Wishing you safe and happy holiday celebrations!

Chicken Art gifts for the holidays!


We are fortunate to have discovered some amazing artists who make the chicken their subject. Like many chicken keepers I could mention, these artists’ love for chickens apparently has no bounds, as is evident in their marvelous creations:

Folk Art Chicken Footstools

A small Missouri company makes these gorgeous footstools using traditional fiber art techniques–dyeing, felting, spinning, and knitting. This is Little Nancy P., and her feathers are fashioned with hand-spun 100% Merino wool. Made by The City Girl Farm, these chicken footstools may be on the higher end pricewise, but they elevate the humble footstool into a work of art. And their heads even bob! In fact, if I had one of these I would never put my feet on it.

The Rainbow Rooster

The Rainbow Rooster features “Prismatic Chicks Bearing Special Gifts Just for You,” painted by artist Alicia Zenobia. And what gifts they are: birds with marvelous plumage, each feather painted with care. Each of her paintings holds a special energy; see which one resonates with you!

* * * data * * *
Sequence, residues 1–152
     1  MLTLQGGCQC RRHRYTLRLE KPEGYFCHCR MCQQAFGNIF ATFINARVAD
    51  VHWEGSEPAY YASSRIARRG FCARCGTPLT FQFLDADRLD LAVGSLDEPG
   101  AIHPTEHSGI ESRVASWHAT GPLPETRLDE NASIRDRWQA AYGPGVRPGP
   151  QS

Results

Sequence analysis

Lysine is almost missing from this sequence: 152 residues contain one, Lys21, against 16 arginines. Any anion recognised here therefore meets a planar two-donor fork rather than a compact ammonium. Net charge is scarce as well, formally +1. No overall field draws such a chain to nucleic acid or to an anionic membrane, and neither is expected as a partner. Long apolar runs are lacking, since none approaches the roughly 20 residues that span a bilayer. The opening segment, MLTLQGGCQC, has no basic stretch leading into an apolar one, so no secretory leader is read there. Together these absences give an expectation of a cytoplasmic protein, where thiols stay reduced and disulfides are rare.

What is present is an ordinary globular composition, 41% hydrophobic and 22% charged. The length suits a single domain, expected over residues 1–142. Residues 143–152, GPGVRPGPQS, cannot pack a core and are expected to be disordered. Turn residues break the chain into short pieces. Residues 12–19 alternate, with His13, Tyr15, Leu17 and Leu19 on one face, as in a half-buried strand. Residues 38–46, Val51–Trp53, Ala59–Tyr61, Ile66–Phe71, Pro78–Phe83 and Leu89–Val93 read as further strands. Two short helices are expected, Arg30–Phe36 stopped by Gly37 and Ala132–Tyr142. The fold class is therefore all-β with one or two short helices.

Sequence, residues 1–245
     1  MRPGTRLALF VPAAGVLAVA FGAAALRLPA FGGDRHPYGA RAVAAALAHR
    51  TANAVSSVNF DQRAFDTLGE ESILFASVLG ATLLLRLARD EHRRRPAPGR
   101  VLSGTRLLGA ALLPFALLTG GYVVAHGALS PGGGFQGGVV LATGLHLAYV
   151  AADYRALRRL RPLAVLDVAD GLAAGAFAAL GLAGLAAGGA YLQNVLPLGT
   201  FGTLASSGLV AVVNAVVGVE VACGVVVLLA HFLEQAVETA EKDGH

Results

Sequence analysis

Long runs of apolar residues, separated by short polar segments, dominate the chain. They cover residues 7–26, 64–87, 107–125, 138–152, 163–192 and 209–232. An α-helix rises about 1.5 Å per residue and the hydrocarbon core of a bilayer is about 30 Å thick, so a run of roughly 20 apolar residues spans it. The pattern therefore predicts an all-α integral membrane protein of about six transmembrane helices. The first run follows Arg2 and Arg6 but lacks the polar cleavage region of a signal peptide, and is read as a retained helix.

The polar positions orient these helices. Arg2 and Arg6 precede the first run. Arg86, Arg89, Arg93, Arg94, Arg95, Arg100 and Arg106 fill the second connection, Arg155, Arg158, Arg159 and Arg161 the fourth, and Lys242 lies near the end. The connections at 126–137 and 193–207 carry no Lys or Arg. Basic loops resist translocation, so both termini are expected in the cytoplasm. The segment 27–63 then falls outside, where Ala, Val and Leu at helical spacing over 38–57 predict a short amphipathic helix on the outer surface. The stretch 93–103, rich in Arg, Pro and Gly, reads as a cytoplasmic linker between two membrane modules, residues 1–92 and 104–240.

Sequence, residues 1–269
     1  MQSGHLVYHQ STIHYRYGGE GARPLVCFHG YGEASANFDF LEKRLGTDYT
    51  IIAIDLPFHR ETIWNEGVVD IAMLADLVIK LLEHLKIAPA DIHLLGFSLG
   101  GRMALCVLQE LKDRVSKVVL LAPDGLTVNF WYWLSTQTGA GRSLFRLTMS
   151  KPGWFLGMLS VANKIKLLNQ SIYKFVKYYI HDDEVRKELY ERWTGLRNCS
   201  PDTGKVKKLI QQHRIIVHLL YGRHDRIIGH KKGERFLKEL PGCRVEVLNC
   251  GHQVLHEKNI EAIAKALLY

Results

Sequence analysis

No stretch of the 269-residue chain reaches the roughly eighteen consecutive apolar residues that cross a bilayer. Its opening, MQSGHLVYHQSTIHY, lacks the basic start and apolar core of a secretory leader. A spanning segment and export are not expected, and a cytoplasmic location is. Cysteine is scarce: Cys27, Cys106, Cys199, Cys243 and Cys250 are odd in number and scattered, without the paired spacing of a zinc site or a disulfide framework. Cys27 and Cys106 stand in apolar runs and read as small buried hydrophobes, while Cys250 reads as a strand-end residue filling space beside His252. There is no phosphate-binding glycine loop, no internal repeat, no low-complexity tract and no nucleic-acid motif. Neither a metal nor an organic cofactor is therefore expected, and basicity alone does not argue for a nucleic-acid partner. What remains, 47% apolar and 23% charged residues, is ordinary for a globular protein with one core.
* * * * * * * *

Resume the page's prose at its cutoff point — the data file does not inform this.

Chicken Portraits by Photographer Liz McCrory

Photographer Liz McCrory of Kosmic Studio has embarked on an unusual project that caught our attention here at Home to Roost — portraits of pet chickens! We think the results are quite impressive, presenting these birds as little works of art and capturing their unique personalities. Liz is offering an end-of-year special: She will create pet portraits for $100 during the month of January! If you have ever wanted to immortalize your pet in a special portrait, now is the time.